lebaut | 08/26/1999
(5 out of 5 stars)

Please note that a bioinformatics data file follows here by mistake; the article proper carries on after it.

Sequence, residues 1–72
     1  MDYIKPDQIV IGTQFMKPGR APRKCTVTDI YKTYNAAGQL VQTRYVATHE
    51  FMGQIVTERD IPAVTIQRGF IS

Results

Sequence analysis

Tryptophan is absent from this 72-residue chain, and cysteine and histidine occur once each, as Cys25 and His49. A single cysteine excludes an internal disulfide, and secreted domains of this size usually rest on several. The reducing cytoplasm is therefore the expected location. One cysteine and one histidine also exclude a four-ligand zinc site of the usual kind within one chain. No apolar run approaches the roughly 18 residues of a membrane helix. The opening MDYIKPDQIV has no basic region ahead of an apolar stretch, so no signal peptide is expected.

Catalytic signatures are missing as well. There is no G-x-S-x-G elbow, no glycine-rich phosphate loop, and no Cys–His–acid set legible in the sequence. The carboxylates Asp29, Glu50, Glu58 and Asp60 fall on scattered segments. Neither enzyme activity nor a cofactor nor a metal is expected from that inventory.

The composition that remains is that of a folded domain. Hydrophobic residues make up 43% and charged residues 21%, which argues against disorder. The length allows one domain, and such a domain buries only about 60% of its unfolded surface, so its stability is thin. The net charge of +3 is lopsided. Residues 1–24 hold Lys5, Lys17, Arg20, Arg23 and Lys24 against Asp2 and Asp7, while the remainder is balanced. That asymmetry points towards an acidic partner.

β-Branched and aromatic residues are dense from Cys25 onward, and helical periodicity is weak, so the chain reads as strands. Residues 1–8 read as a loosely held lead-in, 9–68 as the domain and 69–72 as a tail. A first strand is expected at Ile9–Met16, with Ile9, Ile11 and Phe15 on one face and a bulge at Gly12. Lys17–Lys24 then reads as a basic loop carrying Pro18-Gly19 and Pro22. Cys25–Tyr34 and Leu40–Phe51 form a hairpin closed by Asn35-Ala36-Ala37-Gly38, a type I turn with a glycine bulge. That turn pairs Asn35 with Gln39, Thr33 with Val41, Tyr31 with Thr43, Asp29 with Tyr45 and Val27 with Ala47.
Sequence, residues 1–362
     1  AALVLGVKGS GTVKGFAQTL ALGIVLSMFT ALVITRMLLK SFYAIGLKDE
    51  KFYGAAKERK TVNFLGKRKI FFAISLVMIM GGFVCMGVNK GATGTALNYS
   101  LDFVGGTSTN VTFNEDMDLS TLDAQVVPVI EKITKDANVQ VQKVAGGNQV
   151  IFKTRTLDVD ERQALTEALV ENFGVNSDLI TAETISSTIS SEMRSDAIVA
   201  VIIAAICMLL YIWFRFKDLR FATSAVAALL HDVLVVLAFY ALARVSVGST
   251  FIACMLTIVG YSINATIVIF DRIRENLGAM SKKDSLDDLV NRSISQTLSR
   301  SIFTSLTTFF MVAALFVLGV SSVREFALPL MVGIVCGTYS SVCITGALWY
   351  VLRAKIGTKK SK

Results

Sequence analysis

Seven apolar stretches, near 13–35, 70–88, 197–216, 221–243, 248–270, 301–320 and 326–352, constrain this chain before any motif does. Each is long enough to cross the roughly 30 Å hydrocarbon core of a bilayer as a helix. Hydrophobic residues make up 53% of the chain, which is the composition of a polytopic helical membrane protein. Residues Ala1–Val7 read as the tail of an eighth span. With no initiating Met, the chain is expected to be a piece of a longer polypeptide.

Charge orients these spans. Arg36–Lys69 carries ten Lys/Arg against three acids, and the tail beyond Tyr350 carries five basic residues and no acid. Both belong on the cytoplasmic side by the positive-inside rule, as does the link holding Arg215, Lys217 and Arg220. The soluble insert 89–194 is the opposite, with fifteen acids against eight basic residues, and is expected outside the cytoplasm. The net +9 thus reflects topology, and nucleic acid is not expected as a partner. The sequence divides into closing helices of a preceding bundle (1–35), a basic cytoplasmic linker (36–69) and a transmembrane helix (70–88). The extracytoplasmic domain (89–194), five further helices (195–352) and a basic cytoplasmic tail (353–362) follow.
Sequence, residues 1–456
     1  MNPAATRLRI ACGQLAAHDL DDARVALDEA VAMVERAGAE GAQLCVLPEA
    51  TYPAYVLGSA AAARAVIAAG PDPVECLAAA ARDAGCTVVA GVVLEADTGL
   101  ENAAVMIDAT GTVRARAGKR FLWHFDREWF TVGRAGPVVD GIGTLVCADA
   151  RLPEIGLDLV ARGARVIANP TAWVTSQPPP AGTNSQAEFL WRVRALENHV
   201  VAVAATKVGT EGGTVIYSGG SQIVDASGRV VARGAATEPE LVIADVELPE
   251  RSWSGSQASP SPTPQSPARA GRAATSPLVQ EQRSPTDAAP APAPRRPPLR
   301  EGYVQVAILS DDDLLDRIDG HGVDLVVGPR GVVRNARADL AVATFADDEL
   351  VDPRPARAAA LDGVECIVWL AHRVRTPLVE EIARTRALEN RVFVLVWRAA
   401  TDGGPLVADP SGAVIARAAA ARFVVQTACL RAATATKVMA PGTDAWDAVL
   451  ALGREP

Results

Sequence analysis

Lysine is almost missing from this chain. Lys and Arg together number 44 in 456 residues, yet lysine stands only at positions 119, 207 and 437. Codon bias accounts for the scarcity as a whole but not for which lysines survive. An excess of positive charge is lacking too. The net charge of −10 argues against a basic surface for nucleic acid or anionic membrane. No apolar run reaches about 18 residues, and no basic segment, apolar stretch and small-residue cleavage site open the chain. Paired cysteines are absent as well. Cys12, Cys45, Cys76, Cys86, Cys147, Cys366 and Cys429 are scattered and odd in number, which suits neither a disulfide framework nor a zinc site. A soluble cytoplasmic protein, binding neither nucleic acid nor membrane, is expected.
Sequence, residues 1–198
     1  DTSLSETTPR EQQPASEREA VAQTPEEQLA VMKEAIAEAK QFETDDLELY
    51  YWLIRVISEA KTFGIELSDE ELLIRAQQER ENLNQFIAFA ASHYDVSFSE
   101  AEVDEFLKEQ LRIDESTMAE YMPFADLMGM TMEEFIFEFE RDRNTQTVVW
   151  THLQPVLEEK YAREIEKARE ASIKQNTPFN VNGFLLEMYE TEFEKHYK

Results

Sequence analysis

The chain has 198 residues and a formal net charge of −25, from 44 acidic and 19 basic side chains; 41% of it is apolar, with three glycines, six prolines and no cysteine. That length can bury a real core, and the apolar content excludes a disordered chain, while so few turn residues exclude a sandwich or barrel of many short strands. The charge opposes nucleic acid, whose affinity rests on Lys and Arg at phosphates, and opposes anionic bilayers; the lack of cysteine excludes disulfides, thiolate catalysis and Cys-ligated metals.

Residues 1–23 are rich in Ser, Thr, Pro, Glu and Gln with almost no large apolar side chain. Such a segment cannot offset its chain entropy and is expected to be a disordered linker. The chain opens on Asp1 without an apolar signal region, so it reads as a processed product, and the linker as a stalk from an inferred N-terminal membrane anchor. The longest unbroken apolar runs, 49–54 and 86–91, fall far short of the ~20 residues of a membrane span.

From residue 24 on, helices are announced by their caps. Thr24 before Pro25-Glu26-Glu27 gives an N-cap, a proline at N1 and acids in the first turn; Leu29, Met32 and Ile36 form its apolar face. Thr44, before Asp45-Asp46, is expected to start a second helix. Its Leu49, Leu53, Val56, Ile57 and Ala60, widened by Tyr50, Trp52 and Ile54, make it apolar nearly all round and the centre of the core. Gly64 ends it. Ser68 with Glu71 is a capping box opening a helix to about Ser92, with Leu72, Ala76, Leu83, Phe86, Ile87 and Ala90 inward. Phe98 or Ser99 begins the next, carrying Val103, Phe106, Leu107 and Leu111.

"Here is the perfect answer to the Beckmessers who keep saying that no Wagner recording of today can match the historical recordings of the 50's and the 60's. For this may, in fact, be the best Fliegende Holländer ever. Well... of course, as far as vocal power and musical intelligence are concerned, Weikl can't rival the supreme Hotter - or even the brutish London -. But still, his presence is real, and he uses the occasional weaknesses of his ageing voice to compose a deep and haunted and attaching character. As for Sotin, who can be a most routine-minded singer if badly conducted, he will seem rather transfigured to those who have seen him in Bayreuth, as he takes full advantage of his still very beautiful voice to explore all the aspects of Daland's character. But the true marvels of this album lie elsewhere. The first jewel is undoubtedly Domingo's performance, which simply eclipses all the Eriks of the whole discography : the incredible beauty, the unimaginable warmth and the baffling youth of the voice, along with the incandescence of the incarnation alone would make this album worth buying. But they are more than matched by a young Studer at her best, in what may be her best recorded opera performance. One doesn't know what to praise most : the purity, the power and the magnificence of the voice, the extreme commitment of the artist (who shows once more that, though limited as an actress on stage, she can convey an immense range of emotions with her only voice) or her capacity to impose, with her own, specific abilities, a completely new vision of Senta's character - a sort of child-woman, lost in her dreams but with an incredibly strong personality -. But all of that would certainly not have been possible without the iron hand of a fantastic project manager. Imposing a lightning tension from the very beginning of the Overture, Maestro Sinopoli never releases his grip until the very end of the opera, and manages to keep the listener's full attention to the drama from the very first note to the very last, thus delivering an amazing lesson of how young Wagner should be conducted - somewhere between Dorati's italianism end Klemperer's romantism, but with more dramatic sense than the first, and less German heaviness than the second -. So... good news : for once, you won't have to make do with the cracklings of a live recording from 40 years ago to enjoy a Wagner opera at its best !"